The branding exercise is truly relentless. Specific themes and key narratives stood out - but it was only after the month was up that any trends could be properly discerned.

Recognising this, I found myself stumbling upon the secret of the IS media strategy - “produce, produce, produce”.

By creating so much content that it is literally impossible to keep a mental track of, IS's media men try to prevent us from understanding what they are doing.

They flood the internet with information to a point that it becomes impossible to decode the brand they are building.

They overawe and overwhelm their adversaries while at the same time luring the curious and vulnerable.

Equipped with the Shawwal dataset and the benefit of hindsight, though, I could get round this. The labyrinthine propaganda narrative could be picked apart.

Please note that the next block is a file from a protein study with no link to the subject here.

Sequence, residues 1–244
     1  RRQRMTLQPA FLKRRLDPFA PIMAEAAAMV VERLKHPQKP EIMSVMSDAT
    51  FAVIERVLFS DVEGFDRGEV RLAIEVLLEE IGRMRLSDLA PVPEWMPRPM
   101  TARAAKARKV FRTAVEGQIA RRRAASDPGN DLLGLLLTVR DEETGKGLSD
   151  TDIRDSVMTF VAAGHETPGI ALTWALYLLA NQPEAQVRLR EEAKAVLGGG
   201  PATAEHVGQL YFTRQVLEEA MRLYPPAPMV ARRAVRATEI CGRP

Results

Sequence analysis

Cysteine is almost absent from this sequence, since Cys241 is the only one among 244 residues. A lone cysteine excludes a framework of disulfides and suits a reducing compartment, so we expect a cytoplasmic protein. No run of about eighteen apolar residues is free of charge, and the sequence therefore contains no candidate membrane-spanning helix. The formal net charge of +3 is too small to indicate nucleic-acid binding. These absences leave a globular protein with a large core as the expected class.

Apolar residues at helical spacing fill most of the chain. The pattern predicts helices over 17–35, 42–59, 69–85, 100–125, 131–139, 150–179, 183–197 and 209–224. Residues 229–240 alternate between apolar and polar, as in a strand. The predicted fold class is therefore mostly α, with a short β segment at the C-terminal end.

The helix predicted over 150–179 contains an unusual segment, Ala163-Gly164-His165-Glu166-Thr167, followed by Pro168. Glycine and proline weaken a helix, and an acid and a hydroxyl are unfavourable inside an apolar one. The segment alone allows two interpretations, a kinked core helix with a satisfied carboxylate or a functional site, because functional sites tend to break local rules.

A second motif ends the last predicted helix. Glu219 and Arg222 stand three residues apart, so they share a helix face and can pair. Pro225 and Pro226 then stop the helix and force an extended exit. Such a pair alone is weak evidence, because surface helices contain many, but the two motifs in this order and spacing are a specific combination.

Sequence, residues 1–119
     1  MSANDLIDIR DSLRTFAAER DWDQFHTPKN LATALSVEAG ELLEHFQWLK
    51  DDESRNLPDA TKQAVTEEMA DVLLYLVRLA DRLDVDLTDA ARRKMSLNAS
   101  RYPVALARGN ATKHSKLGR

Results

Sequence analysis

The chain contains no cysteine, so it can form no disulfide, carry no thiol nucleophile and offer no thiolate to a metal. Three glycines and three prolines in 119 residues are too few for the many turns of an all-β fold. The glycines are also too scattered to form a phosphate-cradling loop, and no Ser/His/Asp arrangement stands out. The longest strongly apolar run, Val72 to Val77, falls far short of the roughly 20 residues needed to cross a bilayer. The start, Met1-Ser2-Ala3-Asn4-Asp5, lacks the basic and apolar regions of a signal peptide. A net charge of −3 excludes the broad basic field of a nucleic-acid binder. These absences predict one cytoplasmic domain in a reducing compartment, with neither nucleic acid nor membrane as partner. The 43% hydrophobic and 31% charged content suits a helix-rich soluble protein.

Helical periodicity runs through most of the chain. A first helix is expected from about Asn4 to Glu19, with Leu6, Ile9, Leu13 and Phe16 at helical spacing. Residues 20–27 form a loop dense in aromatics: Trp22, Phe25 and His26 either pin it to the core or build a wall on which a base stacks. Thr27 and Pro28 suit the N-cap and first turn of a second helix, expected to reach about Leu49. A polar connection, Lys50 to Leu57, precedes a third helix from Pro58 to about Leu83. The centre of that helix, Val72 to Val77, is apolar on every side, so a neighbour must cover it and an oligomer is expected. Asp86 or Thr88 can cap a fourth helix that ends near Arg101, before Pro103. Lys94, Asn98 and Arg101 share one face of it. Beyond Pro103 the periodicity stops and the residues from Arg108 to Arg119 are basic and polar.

I soon realised the project I began as a personal investigation into the mind of an IS propagandist had become something much, much more.

Once I had the refined archive in front of me, I set about picking out trends, patterns and anomalies.

From the offset, the lack of brutality was striking. I knew from past research that IS's brand went much further than shedding the blood of its enemies, but there was a complete absence of it in the first few days of Shawwal.

In retrospect, this makes sense.

Coming immediately after the holy month of Ramadan, Shawwal begins with a day of celebration, Eid al-Fitr.

Predictably, IS wanted to show this off. Its media team needed to demonstrate to their audiences, both within and without the so-called caliphate, that Eid “IS-style” was unmatched.

As such, the initial focus was fixed upon two central aspects of the IS utopia - the religion and social life of its “citizens”.

The propagandists made great play of the alms-distribution among the needy in Syria and Libya, and spent a huge amount of time documenting celebratory prayers and the general “ambiences” of the festivities.